Tuesday, May 14, 2013


Morocco was fascinating and befuddling. We docked in the Casablanca port, which unlike Cadiz, is a busy industrial port. It was not beautiful. Rather it was dirty and dusty, on the edge of a city of 5 million people. Casa (as it's called) is the commercial center of Morocco and is not designed for foreign tourists!

We arrived on Sept. 9, the last day of Ramadan, so most things were closed during the day. And because of the nature of Casa, most people on the ship were getting ready to head across the country one way or another. We had a diplomatic briefing by two US Embassy officials who were engaging and patiently answered the many questions about how to find ATM's and how to exchange money, etc., etc. Unlike Cadiz, many people stayed on the ship the first day as we got ready to travel on the 10th.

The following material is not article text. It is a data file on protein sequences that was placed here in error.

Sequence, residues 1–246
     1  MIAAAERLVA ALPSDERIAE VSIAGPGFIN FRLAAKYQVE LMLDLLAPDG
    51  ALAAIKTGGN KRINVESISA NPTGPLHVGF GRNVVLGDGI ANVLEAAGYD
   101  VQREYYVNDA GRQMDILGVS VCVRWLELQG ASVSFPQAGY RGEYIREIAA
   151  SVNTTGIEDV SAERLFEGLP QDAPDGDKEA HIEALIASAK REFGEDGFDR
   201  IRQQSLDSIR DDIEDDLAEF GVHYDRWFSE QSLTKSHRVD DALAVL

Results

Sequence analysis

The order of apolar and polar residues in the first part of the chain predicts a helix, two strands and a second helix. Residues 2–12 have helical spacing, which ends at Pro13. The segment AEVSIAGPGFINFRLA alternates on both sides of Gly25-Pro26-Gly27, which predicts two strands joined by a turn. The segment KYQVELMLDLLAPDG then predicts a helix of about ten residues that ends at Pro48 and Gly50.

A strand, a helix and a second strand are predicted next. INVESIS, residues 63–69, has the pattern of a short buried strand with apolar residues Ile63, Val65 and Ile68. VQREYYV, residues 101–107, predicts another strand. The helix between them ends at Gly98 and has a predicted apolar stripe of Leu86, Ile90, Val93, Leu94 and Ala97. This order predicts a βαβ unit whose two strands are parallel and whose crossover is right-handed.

The 10th was also the first day of Eid-al-Fitr. As my trip was leaving Casa the whole city, it seemed, was streaming home from the magnificent Hassan II mosque. It is the largest mosque in Morocco and one of the largest in the world. More about that later!

From Casa my bus (and the one in front of it) was headed to Marrakech for our first night. Our first stop was in the city square where we were having lunch.